By Tim Baffoe-
(CBS) OK, so mathematically the Chicago Bears' season isn't over. But putting this team together with math will, at best, get you a 10-minute answer from coach Marc Trestman on variables and Brandon Marshall's polynomial nature and how this is a division game and long division is a process. And then somehow you're going to jail for tax fraud.
So there's little hope of Sunday against the Minnesota Vikings being the first step on the road to a miraculous playoff run. So then, why even watch other than the basic human desire to stare at a car accident?
There are reasons to tune in. (Not to actually attend the game, though, no matter how cheap seats are going for, unless you are that rarest kind of masochist who hooks his or her sensitive parts up to car batteries or attends a 3-6 team's game in sub-freezing temperatures.) Here's the list.
Football is football
Even bad NFL football is better than no NFL football. That game against the Green Bay Packers? Yes, it was the cornfield scene from Casino, but after getting over the shock and horror of it, would you have removed the cornfield scene from Casino? Hell no. At its very worst, a garbage Bears game brings about all sorts of negative feelings that we need to let us know that Monday through Friday hasn't completely zapped our life forces.
And a win is a win ...
The Vikings aren't a good football team, and beating them likely leaves very little for us to better measure the Bears. But the ugliest of wins when you only get one game a week is at least relieving, if not satisfying.
… but maybe a loss is better?
Perhaps you're in the camp of wanting this team to completely crash and burn and bury the black box at the bottom of Lake Michigan and never speak of the emotional scarring again. And maybe, now that the season is for naught, you want the Bears to completely lose out — whether it be to get general manager Phil Emery to press the button for the trap door in the floor underneath the coaching staff (or Ted Phillips for Emery or the McCaskeys for Phillips) and/or to get the best possible draft pick. Hate-watch it then. Relish in the farce.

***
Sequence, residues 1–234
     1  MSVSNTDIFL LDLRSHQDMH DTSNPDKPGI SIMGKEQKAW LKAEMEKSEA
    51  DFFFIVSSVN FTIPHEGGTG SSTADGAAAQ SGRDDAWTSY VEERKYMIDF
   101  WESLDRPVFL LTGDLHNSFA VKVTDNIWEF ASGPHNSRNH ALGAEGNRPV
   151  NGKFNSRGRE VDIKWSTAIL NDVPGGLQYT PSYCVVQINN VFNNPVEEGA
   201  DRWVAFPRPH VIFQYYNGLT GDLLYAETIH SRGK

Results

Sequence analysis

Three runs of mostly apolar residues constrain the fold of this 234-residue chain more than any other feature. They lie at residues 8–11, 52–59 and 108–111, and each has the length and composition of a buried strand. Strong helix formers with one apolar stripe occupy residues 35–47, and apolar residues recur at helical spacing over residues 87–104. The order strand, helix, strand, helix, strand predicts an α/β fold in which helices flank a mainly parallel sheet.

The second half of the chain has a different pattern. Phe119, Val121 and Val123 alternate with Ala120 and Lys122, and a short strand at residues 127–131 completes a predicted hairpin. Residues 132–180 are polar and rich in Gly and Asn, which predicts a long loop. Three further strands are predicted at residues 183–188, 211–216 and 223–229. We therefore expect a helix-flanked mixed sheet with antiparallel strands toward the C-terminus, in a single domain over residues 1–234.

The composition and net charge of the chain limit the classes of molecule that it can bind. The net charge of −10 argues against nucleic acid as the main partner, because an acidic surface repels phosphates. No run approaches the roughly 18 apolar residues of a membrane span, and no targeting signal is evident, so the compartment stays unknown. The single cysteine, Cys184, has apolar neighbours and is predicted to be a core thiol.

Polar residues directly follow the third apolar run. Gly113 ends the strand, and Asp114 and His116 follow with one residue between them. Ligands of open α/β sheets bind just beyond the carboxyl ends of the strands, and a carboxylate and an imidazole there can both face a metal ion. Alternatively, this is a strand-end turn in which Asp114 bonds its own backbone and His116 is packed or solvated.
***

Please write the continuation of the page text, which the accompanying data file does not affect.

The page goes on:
Potential for rioting
It's been a while since the Soldier Field non compos mentis have been up close with the Bears, and they've about reached soccer-hooligan levels of self-medication and eye twitching. The Bears might unintentionally make it on a news broadcast on the BBC and increase their brand with the Limeys before the stupid London Spin the Bottle lands on them and punishes them by forcing them to play the Jaguars at Wembley Stadium.
Win a damn home game
If you still have a shred of compassion for this team, you have to agree they need a win at home. The Philadelphia 76ers -- who are intentionally trying to lose games -- have won four home games since the Bears last won in Soldier Field. Accumulate little bits of dignity when you can, and owning your own house is at least that.
Brandon Marshall might get someone to fight him
At this point with Marshall, anything's possible. And if the Bears find themselves down three scores, well, it would be more entertaining to see him pummel a drunken fan.
How does this coaching staff respond to two embarrassing defeats?
So many questions swirl around Trestman, defensive coordinator Mel Tucker, et al. Have their players quit on them? Can they save their jobs? If Trestman's hair is real, how hasn't it fallen out yet? Emery is noting how the coaches get these players in game shape while they are simultaneously questioning the meaning of life.
I have Matt Forte on my fantasy team
And you care.
The game is between two NFC teams but on CBS
Ooooh, different and exotic. How will you be able to watch noon Bears football without a giant animated robot graphic or Tony Siragusa wearing a deep dish pizza? And you get to listen to Kevin Harlan try to make this all sound dramatic. Plus, add in the possibility Rich Gannon explaining how Trestman made him good but should bench Cutler in favor of a guy who consciously posed for this. Speaking of…
Cutler getting back to neutral
Cutler is either hated in Chicago or ignored until he gives a reason to be hated. Even when he's good, he gets little credit or begrudgingly so, which is fine. His stats this year are much better than his punchable face would suggest, but everything is his fault because he pays homeless children to fight each other for laughs, or so the narrative seems to go. A good game free of crucial mistakes gets him back in that ignorable territory, makes really sad people angry that they have to find something else to be angry about and calls off the dogs for a week.
Let's learn about the Vikings together!
Who the hell is even on that team besides the suspended Adrian Peterson? Teddy Bridgewater — you remember him being good in college. Corduroy Patterson rings a bell. Some jerk in your fantasy league defeated you by starting something named Matt Asiago. Greg Jennings used to be good. We should probably know more about a division opponent, right?
There you have it -- completely watchable but probably awful, stupid football that will make you temporarily forget your own mortality. Please, don't thank me. It's my pleasure to help.
Tim Baffoe is a columnist for CBSChicago.com. Follow him on Twitter @TimBaffoe.
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